The Divine Order
A hilarious comedy that hides ill-concealed discomfort
by Giorgia Del Don, Cineuropa
Nora's life, too, has been unaffected; she is a retiring, quiet person, well liked by everyone - until she begins to campaign publicly and pugnaciously for women's right to vote, an issue that will be put before the male voters on February 7th, 1971.
With her latest film, in competition at Tribeca, Petra Volpe continues to talk to us about women, and does so by turning the spotlight on a somewhat inglorious episode in Swiss history.
Perhaps (very probably more likely) not everyone knows that calm Switzerland, tucked away in the heart of Europe, was one of the last countries in the world to introduce female suffrage. And indeed it is only since 1971 that women have had the right to vote and the possibility of being elected at federal level. So it is this long-kept “secret” that Petra Volpe decided to bring to the big screen in The Divine Order (in competition at the Tribeca Film Festival), continuing the interest in women that she has shown since the beginning of her career.
Like her previous film Traumland, The Divine Order (which won the Prix de Soleure) portrays the everyday reality of a group of women who, despite only being half a century apart, seem to live in two different galaxies. Yet without Nora (the protagonist of The Divine Order) and the many other women who, like her, rebelled against an unfair and dusty, Judith Maria and Mia (the protagonists of Traumland) would certainly not have enjoyed that (complex and essential) freedom we now take for granted. It’s a freedom that Petra Volpe compels us to put back in perspective, urging us to never let our guard down, and she does it with that (bitter) irony that is slowly but surely becoming her trademark.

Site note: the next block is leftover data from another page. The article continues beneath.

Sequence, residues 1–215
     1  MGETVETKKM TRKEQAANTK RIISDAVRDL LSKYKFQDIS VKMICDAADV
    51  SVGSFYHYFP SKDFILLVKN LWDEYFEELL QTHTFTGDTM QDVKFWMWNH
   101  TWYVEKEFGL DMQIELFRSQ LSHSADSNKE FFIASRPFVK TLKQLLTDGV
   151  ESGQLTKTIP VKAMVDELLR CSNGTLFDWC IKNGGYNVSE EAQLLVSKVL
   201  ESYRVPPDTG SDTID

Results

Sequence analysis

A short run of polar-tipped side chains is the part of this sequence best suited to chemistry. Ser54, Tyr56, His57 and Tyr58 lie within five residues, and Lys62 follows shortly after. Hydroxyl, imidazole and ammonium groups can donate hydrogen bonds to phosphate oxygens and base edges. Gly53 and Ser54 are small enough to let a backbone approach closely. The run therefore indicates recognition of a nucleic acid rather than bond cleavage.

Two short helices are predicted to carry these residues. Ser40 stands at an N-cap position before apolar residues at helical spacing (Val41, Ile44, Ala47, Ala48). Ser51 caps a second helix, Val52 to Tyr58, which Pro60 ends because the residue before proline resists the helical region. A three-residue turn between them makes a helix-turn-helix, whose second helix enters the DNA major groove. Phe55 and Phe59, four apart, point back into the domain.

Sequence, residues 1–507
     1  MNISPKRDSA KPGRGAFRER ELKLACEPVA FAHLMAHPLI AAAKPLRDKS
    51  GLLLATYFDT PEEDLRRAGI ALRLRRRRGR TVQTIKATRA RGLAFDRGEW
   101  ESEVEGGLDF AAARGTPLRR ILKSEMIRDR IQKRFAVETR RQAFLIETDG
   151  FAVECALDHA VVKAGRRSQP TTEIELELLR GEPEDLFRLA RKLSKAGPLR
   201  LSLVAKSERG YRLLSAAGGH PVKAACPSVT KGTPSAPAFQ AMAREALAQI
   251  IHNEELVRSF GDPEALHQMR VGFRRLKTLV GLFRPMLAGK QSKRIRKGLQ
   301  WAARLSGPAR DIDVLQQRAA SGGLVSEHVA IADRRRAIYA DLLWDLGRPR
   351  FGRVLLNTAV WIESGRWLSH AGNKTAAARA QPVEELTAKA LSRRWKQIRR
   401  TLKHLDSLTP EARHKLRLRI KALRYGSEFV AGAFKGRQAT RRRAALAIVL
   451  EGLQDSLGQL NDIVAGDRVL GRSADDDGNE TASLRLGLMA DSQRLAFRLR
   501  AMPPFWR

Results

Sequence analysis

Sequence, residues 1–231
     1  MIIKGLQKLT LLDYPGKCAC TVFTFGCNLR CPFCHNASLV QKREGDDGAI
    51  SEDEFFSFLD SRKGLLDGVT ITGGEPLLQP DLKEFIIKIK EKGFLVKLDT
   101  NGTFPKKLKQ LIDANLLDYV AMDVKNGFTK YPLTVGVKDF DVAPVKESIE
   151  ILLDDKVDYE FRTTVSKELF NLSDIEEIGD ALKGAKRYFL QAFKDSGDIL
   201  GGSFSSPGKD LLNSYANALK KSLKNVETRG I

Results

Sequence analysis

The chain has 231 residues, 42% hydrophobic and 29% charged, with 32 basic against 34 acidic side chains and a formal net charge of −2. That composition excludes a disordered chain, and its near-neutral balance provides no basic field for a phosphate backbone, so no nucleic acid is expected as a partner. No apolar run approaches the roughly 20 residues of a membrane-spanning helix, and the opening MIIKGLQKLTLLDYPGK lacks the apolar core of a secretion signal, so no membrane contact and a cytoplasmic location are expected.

As the director herself says, behind the unavoidable laughs that the film, built on the tone of comedy, gets out of us, lurks a second level of interpretation that turns our laughs into ill-concealed discomfort. Audiences of course have the right to smile at the antiquated, to say the least, claims of those opposing the right to vote for Swiss women, but nevertheless, The Divine Order brings us back to the tragic nature of these objectives. The highly international Petra Volpe (she has studied and lived in Switzerland, Germany, Poland, Finland, and the United States where she currently resides) turns her gaze on her homeland with a distance and resigned sense of endearment that cannot help but hit us hard. Nora (played by the magnificent Marie Leuenberger) embodies a very Swiss sense of discretion that hides an inner volcano just waiting to erupt and let loose a river of slow-moving but relentless lava. Highlighting a dual nature, that of the countryside and the city, that to this day defines that small but complex country that is Switzerland, Petra Volpe ridicules the number of people who get mad, clinging onto an obtuse and reassuring tradition instead of letting themselves go to a healthy but dangerously unknown freedom.
The tribute that Petra Volpe pays to all those women who, through their own “little” domestic revolutions, made it possible for Switzerland to get out of a tragicomic (to say the least) state of inequality, is as necessary as it is rejuvenating. A refreshing cocktail and essential cocktail that brings to light an underhand and sadly still very real discriminatory mechanism (in lots of countries) based on supposed and dangerous “divine” rules.
Without ever falling into rhetoric but actually succeeding in making the whole film glide along on an unexpected freshness, Petra Volpe speaks to us about courage, a sentiment that women, and not only Swiss women, have too long ignored the meaning of but actually have plenty of. A jubilant and timeless film with no borders.
International sales of The Divine Order, a film produced by Zodiac Pictures International, are being handled by TrustNordisk.
(Translated from Italian)
Switzerland, 1971: Nora is a young housewife and mother who lives with her husband and their two sons in a peaceful little village. Here, in the Swiss countryside, little or nothing is felt of the huge social upheavals that the movement of May 1968 has caused. Nora's life, too, has been unaffected; she is a retiring, quiet person, well liked by everyone - until she begins to campaign publicly and pugnaciously for women's right to vote, an issue that will be put before the male voters on February 7th, 1971.